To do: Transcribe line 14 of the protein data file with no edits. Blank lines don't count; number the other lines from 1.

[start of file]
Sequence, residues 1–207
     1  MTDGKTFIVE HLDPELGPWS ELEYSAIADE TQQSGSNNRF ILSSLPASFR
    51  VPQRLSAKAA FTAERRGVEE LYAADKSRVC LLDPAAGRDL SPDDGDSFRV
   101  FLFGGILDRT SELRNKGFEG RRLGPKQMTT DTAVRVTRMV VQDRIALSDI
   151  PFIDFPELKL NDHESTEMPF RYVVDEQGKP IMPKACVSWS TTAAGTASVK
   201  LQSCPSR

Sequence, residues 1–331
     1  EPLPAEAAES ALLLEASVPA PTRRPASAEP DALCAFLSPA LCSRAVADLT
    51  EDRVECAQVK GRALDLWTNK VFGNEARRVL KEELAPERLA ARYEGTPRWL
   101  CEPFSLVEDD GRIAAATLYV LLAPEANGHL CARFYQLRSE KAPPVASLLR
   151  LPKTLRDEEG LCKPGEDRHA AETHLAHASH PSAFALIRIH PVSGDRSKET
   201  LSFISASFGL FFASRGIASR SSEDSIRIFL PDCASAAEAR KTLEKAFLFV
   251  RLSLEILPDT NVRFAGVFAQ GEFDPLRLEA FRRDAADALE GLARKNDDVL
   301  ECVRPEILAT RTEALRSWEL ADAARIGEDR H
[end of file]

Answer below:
   301  ECVRPEILAT RTEALRSWEL ADAARIGEDR H